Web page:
Marietta City Schools (MCS) approximate student enrollment is 8,132

By Timothy Gray,2014-04-10 18:43
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Marietta City Schools (MCS) approximate student enrollment is 8,132

     Quintella M. Ezekiel

     Engaging Hispanic Students and Families 2/6/08

    Marietta City Schools (MCS) approximate student enrollment is 8,132. Students are served at eight elementary choice schoolsone of which is a Science, Technology, Engineering

    and Math (STEM) Magnetone middle school, one sixth-grade school, one high school and an alternative school. The systems Hispanic population is currently 29.53%. Current

    enrollment at Marietta Sixth Grade Academy (MSGA) as of 1/28/08 is 560. Of the 560 students, 30.5 % are Hispanic.

    Understanding the need to reach the Hispanic population at MSGA, different activities have been developed and implemented. One such activity is the Parents Assuring Student

    Success (PASS) workshops. The PASS manual is easy to follow and outlines many aspects of what parents can do and are expected to do with their children to help them become more successful in school. PASS workshops are held after school and offered in both English and Spanish. The Spanish teacher and the bilingual counselor help translate for the Spanish-speaking parents. Since the workshops are typically held from 6:00-7:30, during that time, we offer free childcare and dinner to the families. The childcare providers are high school students who earn community service hours. The children are taken into another room in the school and either have the opportunity to complete homework, read, play board games, or watch a movie. Once the PASS presentations are completed, the families are reunited and questions are answered. Some of the topics that are discussed: i-Parent, Conferencing and Testing, Memory and Thinking Skills, Preparing for Test, Homework and The Home Environment.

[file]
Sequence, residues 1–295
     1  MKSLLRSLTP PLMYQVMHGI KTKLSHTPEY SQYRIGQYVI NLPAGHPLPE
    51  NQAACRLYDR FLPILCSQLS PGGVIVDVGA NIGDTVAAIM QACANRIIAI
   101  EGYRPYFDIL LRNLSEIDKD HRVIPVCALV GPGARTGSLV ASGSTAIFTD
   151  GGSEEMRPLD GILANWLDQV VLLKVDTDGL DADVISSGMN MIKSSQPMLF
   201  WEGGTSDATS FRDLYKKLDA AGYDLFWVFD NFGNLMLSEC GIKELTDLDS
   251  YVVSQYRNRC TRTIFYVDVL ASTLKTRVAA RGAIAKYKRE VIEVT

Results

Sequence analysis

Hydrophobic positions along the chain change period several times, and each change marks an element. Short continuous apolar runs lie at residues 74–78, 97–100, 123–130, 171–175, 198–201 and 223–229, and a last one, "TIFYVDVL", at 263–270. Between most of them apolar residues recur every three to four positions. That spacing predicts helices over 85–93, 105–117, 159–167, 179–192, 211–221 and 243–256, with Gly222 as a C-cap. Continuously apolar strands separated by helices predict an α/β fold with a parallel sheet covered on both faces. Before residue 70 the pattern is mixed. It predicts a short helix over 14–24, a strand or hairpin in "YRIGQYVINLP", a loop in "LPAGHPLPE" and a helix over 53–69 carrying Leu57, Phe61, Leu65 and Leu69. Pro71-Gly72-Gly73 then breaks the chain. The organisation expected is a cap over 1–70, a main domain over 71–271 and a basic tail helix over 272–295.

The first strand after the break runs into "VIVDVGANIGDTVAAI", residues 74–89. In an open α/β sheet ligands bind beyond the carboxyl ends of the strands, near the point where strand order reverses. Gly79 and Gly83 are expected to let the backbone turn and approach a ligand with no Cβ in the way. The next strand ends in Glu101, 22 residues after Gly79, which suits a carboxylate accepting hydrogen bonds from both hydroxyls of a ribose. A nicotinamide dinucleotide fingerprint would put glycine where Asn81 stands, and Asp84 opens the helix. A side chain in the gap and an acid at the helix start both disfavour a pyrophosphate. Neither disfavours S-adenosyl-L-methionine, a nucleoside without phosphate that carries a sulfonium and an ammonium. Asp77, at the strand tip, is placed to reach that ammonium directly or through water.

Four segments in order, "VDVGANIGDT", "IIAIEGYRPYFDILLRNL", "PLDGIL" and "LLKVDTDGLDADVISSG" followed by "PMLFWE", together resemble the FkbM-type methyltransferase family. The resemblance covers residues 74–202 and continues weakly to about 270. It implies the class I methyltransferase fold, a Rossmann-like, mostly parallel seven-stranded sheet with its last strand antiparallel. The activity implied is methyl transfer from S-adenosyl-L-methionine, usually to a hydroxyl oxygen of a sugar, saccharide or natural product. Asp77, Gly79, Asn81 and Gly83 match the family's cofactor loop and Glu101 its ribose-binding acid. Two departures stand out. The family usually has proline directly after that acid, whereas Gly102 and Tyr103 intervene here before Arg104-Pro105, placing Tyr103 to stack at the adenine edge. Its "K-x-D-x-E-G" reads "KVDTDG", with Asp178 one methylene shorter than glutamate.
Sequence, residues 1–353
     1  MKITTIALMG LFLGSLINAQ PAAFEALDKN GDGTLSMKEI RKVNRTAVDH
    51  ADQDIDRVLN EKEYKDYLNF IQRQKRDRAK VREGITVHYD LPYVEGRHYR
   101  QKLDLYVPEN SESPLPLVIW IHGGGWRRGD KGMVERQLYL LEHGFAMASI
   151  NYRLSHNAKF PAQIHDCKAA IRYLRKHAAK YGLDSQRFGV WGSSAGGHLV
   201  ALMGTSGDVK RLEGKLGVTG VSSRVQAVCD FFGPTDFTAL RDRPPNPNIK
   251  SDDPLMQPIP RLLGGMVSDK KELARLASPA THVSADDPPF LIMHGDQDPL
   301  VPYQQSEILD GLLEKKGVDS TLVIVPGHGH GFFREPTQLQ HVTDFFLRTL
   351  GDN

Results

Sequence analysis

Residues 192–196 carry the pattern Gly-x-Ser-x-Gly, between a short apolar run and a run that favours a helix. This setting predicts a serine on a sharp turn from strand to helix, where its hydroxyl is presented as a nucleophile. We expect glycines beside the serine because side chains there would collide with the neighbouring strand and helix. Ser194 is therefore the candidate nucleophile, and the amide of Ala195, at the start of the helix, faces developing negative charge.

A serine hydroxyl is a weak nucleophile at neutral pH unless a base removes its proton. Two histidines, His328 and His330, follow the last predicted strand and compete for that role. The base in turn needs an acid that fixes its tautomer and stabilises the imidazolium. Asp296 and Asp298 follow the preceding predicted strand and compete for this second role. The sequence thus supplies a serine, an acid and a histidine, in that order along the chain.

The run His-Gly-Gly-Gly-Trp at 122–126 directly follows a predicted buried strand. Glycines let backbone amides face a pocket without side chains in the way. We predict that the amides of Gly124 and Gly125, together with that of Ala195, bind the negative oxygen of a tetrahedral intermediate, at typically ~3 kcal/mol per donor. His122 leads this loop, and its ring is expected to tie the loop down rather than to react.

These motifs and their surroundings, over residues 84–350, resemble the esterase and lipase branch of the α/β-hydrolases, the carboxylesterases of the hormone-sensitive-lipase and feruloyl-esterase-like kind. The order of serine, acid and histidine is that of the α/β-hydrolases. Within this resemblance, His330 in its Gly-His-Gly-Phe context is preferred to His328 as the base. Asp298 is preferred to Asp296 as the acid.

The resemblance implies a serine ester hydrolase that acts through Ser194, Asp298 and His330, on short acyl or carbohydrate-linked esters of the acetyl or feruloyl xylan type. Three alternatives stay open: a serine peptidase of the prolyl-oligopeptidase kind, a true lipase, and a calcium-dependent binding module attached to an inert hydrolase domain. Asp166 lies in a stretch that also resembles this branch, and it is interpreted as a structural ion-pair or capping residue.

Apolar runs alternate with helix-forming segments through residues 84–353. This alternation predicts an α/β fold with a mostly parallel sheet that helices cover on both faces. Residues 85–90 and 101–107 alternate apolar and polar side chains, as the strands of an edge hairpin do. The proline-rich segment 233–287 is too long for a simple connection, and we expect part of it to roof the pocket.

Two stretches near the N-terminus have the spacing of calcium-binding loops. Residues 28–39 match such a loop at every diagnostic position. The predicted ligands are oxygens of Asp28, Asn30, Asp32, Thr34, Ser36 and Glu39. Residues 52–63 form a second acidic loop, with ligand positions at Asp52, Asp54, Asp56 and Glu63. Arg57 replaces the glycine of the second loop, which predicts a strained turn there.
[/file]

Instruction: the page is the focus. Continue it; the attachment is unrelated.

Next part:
On staff, there are five and a half (5.5) bilingual staff members: three Spanish teachers, a counselor, a school social worker and an office clerk. These people are very helpful when phone calls need to be made to parents or home visits need to take place. The parents often begin to feel very comfortable speaking with these staff members and that helps when they have questions about something taking place at school.